I teach TK-5th grade music, and classes always aim for the material to be fun and engaging. I've found that active, movement oriented lessons in addition to fun songs/projects/instruments are a solid classroom management strategy. This year on May the 4th (Star Wars Day), I taught the term "Leitmotif" to 2nd and 3rd grade classes. A "leitmotif" is essentially a piece of music that serves as a theme song for a certain character or recurring theme within a film, TV show, or stage production. I defined the word for students, taught them to drum a repeating rhythm pattern as well as drum rolls (on bucket drums), and then we practiced along with John Williams' "Imperial March" aka "Darth Vader's Theme." When the song finished and I was wrapping up the lesson, I asked the students to consider what their own personal leitmotif would sound like, if music were to play every time they entered the scene.
My music teaching contract year ended right after the week of May 4th, so I was not able to continue on the path that I started us on, but next year I plan to turn this lesson into a multi-week project in which students will then compose their own leitmotif. I will guide them through the process of writing and recording their own theme song. I will then have them perform their theme songs for each other. This could possibly make a good 8th grade project, and their songs would be available for viewing online via video recordings as part of their graduation ceremonies.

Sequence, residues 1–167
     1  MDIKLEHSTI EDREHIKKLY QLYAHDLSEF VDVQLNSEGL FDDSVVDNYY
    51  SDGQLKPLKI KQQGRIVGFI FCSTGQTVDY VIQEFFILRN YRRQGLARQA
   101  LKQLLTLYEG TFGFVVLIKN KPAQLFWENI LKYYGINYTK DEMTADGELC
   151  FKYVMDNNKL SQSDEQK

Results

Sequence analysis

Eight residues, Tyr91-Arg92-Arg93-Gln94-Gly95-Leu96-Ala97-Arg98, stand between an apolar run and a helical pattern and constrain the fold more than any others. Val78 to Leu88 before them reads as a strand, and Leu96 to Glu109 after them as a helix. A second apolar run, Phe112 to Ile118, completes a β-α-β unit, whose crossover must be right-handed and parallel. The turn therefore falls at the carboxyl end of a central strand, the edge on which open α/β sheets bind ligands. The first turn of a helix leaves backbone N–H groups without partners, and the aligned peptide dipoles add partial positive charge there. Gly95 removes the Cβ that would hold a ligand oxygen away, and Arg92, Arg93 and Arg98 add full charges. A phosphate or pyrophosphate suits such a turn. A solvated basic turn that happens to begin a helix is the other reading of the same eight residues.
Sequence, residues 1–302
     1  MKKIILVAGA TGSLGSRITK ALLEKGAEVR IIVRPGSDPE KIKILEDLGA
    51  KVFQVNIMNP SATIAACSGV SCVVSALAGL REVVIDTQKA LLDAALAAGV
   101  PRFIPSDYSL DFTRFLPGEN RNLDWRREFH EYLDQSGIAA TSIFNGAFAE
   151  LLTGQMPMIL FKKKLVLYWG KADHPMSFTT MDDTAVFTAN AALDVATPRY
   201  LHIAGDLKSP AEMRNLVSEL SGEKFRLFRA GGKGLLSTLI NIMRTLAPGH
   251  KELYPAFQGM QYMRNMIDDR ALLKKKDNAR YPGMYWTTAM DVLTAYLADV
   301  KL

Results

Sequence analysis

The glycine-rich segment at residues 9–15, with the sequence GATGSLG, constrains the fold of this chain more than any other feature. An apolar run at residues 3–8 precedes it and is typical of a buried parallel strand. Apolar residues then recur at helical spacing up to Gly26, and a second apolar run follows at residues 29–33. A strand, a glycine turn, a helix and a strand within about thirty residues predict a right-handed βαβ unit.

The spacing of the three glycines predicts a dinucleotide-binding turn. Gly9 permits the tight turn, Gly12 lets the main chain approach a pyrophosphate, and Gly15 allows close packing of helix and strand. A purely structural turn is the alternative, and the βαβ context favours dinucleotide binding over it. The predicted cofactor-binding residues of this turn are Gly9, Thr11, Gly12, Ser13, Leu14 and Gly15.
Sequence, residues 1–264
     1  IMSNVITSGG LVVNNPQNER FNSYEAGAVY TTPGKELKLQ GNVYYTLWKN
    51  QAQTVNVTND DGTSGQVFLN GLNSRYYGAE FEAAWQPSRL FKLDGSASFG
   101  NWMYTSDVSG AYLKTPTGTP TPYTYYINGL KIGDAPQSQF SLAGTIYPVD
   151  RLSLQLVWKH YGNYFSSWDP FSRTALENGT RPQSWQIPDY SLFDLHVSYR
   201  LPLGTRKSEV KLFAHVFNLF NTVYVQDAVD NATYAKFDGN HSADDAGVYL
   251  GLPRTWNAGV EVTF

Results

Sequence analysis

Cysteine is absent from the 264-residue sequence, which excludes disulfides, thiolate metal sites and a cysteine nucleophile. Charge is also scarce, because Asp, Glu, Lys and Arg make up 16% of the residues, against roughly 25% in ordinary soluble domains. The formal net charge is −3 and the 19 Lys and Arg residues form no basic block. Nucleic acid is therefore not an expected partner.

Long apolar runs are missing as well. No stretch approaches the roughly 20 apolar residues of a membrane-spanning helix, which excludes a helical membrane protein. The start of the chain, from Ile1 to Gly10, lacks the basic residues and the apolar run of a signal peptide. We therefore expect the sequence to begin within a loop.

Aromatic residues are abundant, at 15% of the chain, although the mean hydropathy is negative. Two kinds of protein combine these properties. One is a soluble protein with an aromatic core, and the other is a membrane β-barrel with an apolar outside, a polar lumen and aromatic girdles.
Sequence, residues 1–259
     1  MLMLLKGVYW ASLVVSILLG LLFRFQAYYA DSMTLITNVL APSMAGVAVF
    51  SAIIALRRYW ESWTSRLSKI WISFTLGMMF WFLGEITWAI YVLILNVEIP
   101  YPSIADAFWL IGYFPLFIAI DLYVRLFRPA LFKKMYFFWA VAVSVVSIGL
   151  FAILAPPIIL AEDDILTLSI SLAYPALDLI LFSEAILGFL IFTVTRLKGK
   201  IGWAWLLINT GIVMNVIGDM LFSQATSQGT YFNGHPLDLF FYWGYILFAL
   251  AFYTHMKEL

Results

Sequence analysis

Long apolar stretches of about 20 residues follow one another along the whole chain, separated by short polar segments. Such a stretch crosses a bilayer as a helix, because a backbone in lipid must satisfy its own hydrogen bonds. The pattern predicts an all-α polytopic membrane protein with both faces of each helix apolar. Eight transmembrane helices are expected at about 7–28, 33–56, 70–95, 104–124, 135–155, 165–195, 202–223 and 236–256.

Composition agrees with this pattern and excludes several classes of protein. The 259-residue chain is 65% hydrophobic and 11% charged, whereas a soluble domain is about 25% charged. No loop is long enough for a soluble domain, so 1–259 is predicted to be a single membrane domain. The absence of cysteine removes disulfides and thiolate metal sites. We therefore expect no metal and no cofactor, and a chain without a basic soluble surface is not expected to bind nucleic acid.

I love the Southwest video you shared! So creative!! It's so much fun to see professionals express themselves creatively and have fun while excelling on the job.
Virtual Field Trips and how they support ELs
I perused the list to find something that would be a good fit for my music class students and found both performing and visual arts virtual tours:
The last link especially (The British Museum, Music of the World exhibit) would be beneficial for ELLs (and all music students) because it emphasizes the importance and breadth of music that comes from different cultures. According to the website: "Music is, of course, a cultural expression and a country’s history is written into its music, just as with its cuisine or art." This is a great way to introduce a project that I'd like to have my music students work on and present to the class during our next school year together. Each student will introduce the class to and teach a song that comes from his/her/their culture, including any traditions associated with it, such as holidays or games.
I now plan to do a bulletin board in my classroom with cycling quotes from musicians and music educators! Thank you for this idea...there are so many good quotes and it was difficult to choose just one. My quotes are:
“Tell me, I forget; Show me, I remember; Involve me, I understand”
- Carl Orff
“Music doesn’t lie. If there is something to be changed in this world, then it can only happen through music.” – Jimi Hendrix
“To play without passion is inexcusable!” – Ludwig von Beethoven.
“Young people can learn from my example that something can come from nothing. What I have become is the result of my hard efforts.”
– Franz Joseph Haydn